Subject: RE: Compatibility of the AFL with the GPL
From: "Lawrence E. Rosen" <lrosen@rosenlaw.com>
Date: Wed, 12 Mar 2003 14:19:00 -0800

Brian,

First, as to the Mutual Defense provision and its "compatibility" with
the GPL:

Person A writes W and licenses it to everyone under the AFL.  Person B
comes along and, in the true spirit of free software, creates and
distributes collective work W+X and derivative work W' under the GPL.
No surprises for B.  He's read the AFL and the GPL and he understands
that he's doing what's allowed.

Person C gets a copy of W+X or W'.  He knows it is GPL software.  Person
C now wants to sue Person A for patent infringement by W.  He reads W's
license and discovers the Mutual Defense provision.  He must evaluate
his risk of losing rights to copy, modify or distribute W, W+X and W',
and any other W-based software, if he sues A.  What's wrong with making
him evaluate that risk before suing for patent infringement?  It's his
patent, and he's (perhaps) within his rights to sue Person A for
infringement.  But as the author of an open source license, I don't have
to make that easy or cheap for him to do.

Perhaps the LICENSE file of any GPL-licensed work that contains an
AFL-licensed component should contain a warning notice:  

   WARNING: Your license to this work may automatically terminate
   if you sue Person A for patent infringement.  That is because
   this work contains a component that is licensed to you by Person A
   under the AFL.  You get to decide whether a patent infringement 
   lawsuit against Person A is worth the loss of your rights to 
   copy, modify or distribute Person A's contribution to this software.

You're right in suggesting that the GPL has fostered a spirit of license
trust, and that is wonderful.  I'm seeking compatibility between the AFL
and the GPL because I want to share in that good will and to encourage
people to release source code that can be incorporated into GPL-licensed
programs -- as well as into proprietary and other open source programs.


The mutual defense provision of the AFL doesn't detract from that goal.
It just causes those who would sue free and open source software for
patent infringment to do their homework first and to recognize that it
is no longer cheap and risk-free to do so.  They only have to "crawl
through the source code" if they elect to sue OSI Certified open source
software for patent infringement.  What's wrong with that?

***************

Second, as to the trademark provision of the AFL:

I recognize that there is inevitable confusion when one adds a new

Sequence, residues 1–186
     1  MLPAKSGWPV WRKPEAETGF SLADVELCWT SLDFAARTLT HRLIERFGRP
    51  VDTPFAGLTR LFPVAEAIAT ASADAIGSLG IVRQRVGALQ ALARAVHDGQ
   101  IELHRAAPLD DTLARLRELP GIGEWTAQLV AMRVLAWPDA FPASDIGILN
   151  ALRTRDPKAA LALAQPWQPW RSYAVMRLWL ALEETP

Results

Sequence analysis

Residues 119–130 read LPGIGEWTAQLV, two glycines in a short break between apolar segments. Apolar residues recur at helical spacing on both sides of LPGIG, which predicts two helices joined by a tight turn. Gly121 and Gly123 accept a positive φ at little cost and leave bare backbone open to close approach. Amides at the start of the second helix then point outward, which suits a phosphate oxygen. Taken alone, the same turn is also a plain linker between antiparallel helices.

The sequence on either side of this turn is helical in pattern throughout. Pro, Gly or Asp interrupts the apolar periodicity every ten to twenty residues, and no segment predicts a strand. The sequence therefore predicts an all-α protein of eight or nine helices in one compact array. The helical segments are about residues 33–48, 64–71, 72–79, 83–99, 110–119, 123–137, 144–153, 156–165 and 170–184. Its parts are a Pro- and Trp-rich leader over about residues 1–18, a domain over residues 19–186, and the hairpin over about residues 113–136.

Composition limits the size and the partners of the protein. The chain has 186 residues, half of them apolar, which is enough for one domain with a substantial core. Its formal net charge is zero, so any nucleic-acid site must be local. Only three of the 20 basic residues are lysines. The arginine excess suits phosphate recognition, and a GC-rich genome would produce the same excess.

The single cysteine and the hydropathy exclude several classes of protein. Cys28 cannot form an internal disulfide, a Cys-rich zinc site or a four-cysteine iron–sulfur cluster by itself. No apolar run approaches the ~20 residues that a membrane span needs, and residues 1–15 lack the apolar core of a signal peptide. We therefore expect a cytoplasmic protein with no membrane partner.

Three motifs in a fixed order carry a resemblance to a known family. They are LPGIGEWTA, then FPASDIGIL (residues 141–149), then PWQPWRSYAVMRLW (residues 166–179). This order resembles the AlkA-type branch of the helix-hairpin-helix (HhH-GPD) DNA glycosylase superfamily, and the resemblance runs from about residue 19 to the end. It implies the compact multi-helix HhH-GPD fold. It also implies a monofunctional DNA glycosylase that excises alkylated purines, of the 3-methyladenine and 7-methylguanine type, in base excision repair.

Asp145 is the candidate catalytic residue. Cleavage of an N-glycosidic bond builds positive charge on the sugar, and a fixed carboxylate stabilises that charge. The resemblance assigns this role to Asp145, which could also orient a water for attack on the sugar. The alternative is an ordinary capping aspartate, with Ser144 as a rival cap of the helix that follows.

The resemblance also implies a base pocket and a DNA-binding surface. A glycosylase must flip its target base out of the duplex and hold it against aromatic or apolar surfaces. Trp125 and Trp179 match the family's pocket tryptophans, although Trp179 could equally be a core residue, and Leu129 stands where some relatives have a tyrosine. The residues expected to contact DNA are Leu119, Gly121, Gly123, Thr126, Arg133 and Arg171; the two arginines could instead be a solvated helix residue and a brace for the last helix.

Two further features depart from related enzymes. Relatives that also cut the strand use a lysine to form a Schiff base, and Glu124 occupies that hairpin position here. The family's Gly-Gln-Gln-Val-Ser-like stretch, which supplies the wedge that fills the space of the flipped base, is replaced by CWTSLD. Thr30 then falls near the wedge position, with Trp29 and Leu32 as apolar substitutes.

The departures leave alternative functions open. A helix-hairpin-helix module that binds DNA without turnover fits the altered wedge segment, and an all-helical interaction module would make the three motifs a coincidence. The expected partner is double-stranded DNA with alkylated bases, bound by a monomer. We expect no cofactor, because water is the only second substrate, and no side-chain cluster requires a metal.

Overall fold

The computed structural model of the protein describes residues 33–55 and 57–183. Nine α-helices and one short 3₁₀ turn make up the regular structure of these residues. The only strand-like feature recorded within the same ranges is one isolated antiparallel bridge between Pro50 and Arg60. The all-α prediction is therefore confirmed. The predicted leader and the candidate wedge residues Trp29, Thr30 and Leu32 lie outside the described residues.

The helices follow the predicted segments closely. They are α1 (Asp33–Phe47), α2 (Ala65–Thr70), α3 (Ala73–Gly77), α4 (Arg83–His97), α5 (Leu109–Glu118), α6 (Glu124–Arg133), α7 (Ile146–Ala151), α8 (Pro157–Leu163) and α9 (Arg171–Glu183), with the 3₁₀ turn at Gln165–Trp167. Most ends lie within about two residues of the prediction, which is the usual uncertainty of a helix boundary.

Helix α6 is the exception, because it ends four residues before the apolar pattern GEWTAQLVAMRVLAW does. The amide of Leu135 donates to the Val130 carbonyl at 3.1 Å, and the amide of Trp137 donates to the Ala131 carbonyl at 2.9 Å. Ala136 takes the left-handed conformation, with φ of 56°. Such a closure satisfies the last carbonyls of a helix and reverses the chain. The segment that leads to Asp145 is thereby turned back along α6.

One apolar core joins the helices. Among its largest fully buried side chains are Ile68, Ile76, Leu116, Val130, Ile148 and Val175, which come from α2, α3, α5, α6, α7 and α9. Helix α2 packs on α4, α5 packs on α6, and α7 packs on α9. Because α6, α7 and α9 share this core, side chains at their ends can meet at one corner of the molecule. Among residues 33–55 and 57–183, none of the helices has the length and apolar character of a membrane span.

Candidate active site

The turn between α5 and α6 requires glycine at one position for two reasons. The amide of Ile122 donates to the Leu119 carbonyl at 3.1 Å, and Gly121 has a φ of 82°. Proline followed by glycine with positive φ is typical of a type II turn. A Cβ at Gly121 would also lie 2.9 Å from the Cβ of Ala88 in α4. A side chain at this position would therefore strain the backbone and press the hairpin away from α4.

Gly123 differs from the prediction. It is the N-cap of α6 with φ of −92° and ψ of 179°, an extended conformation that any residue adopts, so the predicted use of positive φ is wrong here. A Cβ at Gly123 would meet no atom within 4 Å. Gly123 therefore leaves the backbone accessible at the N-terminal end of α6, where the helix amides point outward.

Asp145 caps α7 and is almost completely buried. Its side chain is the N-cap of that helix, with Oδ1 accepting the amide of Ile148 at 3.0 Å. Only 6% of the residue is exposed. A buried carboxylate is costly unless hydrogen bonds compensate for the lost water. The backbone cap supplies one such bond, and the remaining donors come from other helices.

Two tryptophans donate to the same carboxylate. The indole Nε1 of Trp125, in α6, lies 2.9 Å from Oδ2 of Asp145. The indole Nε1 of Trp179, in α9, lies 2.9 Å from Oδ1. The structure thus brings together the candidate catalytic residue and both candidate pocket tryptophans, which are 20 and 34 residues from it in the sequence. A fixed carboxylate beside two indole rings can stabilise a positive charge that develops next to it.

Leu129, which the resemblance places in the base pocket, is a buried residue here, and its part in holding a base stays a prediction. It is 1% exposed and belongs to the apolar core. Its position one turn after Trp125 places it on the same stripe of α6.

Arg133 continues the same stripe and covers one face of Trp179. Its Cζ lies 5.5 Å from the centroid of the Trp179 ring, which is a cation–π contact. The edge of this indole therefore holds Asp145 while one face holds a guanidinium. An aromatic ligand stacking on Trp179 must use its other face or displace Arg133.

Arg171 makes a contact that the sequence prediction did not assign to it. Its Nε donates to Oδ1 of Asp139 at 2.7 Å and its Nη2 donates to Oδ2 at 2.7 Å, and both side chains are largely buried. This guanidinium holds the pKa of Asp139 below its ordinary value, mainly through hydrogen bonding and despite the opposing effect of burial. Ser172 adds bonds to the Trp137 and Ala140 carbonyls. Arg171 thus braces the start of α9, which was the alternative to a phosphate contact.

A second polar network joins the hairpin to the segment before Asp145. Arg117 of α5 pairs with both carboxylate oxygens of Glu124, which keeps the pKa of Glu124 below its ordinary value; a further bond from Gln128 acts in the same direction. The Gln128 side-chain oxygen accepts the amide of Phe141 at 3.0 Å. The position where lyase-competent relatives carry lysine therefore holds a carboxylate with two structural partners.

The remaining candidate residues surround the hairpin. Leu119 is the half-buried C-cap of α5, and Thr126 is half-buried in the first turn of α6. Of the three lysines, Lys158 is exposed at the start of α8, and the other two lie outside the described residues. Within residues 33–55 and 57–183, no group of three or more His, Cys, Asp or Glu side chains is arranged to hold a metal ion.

concept to the world of the GPL.  But I've been following open source
businesses for a while -- not as long as you, I admit! -- and I now
recognize that the real source of success and profit for open source
contributors and businesses is their trademarks, not just their
copyrights.  Contributors to free software create brand names and
personal reputations [Linux (and GNU/Linux!), Apache, Red Hat, JBoss,
OSI Certified, Free Software Foundation, RMS, Behlendorf] that we need
to protect.  

I don't control the GPL so I can't do anything but encourage RMS to put
a meaningful protection for trademarks into his license.  But I do
control the AFL, and I insist upon the importance of warning licensees
that our brand names and our reputations are not included for free with
our copyright licenses.  That's not how this community works, and our
licenses should make it explicit.

That's not contradictory in any way to the GPL.  You found such a
trademark provision was helpful to the Apache Foundation, and quite
frankly, I knew to write a trademark provision because of your lead.  So
please don't try to talk me out of doing what you already did so
successfully. 

***************

Finally, your question about adding whitespace to an AFL-licensed
program and re-licensing it under the Apache license:

I don't understand why that is confusing or of concern.  Anyone who
picks up the code-plus-whitespace and uses it under the Apache license
or the GPL has nothing to fear from Person A.  All relevant licenses are
open source and free.  If Person B wants to create W+X or W', he must
read the license for W and any other notices in the source code.
There's nothing hidden from him.  His customers certainly don't need to
look behind the Apache or GPL license under which they received their
software.  If Person C wants to create W+X+Z or W'', he must read the
licenses and any other notices in the source code.  Person C's customers
don't need to look behind their license from C.  Each of those people
will be informed of the license terms applicable to them and will be
told that the source code is available.  What more could anyone want?

Of course, if anyone in that chain wants to sue Person A for patent
infringement by W....  But I already told that story.

/Larry

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